Sally Hewitt (B.A. ’69) put her art career on hold in 2000 when she took over as Managing Editor of Whatcom Watch, an environmental newspaper in Bellingham. She retired from the paper recently to concentrate on her artwork once again. Her paintings are displayed at Lakeshore Gallery in Kirkland and online at www. sallyhewitt.com.
Jennifer May Kanter (B.A. English & Political Science ’98) is currently the Director of Distribution for AMC Networks in Santa Monica, CA, and gave birth to her first daughter, Alessandra, on September 1, 2009.
Jill Lynn Lazo (B.A. ’05) received another promotion as a civilian Marine Inspector for the Coast Guard.
Margaret (Meg) Lemke (B.A. English, B.S. Psychology ’01) and spouse Brett Camper (B.A. CHID ’02) announced the birth of Lola Bennett Camper-Lemke on April 20, 2011.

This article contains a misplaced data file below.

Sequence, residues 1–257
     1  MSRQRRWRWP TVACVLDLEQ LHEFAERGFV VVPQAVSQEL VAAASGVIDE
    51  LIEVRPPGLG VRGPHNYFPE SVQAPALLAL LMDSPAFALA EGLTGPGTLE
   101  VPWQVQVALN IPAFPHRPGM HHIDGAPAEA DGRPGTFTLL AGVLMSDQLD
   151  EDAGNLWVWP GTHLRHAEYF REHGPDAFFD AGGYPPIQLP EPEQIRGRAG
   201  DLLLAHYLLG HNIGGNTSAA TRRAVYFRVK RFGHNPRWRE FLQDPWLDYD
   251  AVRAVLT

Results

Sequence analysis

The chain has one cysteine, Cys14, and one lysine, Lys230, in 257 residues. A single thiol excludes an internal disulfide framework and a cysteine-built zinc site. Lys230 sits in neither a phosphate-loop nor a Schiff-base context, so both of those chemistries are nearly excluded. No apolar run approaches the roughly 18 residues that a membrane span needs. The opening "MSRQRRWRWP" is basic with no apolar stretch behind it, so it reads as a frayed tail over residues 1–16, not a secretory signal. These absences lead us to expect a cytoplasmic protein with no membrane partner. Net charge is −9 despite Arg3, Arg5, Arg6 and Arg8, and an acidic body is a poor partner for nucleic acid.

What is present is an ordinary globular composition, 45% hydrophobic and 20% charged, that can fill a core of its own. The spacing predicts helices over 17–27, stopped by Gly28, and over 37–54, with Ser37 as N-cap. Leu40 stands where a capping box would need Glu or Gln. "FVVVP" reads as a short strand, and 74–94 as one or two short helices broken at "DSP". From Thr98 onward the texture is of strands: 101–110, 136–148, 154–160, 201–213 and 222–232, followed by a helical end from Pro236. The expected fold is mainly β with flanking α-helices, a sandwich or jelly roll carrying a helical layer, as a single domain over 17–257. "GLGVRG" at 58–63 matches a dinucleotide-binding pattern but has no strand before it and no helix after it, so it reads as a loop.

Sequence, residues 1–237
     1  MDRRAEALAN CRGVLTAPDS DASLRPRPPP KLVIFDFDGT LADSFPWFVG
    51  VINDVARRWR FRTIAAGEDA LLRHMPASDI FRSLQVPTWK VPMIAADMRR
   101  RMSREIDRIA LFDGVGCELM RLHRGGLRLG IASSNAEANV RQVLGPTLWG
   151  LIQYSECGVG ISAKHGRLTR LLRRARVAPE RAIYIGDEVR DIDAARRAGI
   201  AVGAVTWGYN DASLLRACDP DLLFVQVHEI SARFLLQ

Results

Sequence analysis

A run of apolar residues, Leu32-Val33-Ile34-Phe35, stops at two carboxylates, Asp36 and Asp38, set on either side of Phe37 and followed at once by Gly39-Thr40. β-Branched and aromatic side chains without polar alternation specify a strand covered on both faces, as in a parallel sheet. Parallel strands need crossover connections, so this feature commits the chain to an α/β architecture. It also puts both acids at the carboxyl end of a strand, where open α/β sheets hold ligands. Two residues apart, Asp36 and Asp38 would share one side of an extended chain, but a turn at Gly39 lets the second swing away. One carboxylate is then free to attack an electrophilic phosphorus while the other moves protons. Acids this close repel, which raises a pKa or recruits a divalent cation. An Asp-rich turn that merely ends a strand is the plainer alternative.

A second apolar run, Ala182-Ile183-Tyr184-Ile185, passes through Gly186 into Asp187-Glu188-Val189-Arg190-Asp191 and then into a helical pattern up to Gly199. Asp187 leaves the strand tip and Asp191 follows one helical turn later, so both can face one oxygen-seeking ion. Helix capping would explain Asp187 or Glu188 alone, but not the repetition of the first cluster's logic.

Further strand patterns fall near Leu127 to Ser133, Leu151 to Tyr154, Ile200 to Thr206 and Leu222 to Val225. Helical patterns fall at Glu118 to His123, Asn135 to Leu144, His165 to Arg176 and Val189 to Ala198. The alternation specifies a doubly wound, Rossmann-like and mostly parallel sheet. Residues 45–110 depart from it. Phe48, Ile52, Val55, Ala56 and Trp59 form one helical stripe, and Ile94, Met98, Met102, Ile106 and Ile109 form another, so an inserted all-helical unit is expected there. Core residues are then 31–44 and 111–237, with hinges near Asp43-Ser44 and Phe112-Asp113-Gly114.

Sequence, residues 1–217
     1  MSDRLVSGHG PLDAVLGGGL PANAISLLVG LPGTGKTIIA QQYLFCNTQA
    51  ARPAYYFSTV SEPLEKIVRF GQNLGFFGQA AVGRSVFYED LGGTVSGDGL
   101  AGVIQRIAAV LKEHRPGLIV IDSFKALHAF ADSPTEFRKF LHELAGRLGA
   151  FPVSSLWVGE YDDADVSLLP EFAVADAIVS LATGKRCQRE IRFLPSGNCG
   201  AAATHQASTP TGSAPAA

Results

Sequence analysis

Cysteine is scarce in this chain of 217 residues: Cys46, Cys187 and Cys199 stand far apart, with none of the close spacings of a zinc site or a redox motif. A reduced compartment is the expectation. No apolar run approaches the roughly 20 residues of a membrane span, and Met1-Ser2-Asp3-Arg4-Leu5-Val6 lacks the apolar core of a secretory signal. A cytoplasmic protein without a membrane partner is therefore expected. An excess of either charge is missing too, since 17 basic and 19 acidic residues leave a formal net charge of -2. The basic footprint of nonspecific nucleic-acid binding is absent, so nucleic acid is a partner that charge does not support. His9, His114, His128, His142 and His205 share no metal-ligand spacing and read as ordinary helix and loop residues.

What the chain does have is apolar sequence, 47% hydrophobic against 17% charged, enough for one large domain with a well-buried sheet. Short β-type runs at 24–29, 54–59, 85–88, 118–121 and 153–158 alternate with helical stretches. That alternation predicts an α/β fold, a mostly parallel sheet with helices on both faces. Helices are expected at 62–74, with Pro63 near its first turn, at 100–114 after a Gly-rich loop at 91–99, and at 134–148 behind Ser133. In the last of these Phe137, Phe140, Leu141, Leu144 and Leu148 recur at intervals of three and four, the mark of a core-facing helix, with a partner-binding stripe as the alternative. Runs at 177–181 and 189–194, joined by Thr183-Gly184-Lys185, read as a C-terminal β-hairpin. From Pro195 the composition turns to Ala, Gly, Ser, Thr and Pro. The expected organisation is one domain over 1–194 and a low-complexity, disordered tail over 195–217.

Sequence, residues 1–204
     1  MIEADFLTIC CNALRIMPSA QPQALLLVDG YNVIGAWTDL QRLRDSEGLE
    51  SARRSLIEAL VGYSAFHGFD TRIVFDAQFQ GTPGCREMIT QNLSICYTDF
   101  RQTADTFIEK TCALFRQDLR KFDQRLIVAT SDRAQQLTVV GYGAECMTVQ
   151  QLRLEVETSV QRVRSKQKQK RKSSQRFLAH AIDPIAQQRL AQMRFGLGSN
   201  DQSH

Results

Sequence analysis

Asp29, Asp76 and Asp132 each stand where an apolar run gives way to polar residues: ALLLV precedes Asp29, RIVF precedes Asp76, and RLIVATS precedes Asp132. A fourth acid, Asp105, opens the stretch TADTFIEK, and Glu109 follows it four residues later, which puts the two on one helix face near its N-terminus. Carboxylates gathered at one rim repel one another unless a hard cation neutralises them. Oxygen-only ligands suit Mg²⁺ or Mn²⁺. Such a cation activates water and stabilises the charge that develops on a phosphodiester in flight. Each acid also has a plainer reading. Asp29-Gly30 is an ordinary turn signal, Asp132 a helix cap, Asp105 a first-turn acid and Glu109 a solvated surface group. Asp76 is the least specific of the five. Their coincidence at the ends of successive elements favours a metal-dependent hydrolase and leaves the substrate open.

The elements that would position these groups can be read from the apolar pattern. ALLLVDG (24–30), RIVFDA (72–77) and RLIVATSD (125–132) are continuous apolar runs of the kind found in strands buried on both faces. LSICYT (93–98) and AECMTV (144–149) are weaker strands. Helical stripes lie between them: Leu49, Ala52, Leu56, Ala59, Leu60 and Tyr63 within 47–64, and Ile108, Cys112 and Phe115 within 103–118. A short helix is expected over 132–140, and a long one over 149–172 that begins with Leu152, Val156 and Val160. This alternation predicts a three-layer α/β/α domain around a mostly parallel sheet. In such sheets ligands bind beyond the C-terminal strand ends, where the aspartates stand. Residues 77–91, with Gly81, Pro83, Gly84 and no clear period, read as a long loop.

Floyd Loomis (B.A ’73) went on to study at Berkeley College, Yale. Loomis recalls his fondest memories at the UW were of sitting in classes with Angelo Pellegrini, Markham Harris, and Jacob Korg. His book As Long As Life, The Memoirs of a Frontier Woman Doctor was published by Storm Peak Press/ Random House in 1995. Loomis and his wife left the Seattle area in 2005 and settled in Boise. He has continued to write and now has a number of titles available on line with Lulu.com. Recent novel titles include: Frankie Ravan, No End in Sight, and Blue Duwamish. Loomis has one nonfiction book, Ladies with Sisu, the brief history of a central Idaho Lutheran women’s philanthropy organization.
Benjamin Lukoff’s (B.A. ’97) first book, Seattle Then and Now, was published by Thunder Bay Press in fall 2010.
Laura Elizabeth Martin (MATESOL ’11) was awarded a one-year teaching contract in UW’s International and English Language Programs. She is very happy to still be a part of the UW after graduation.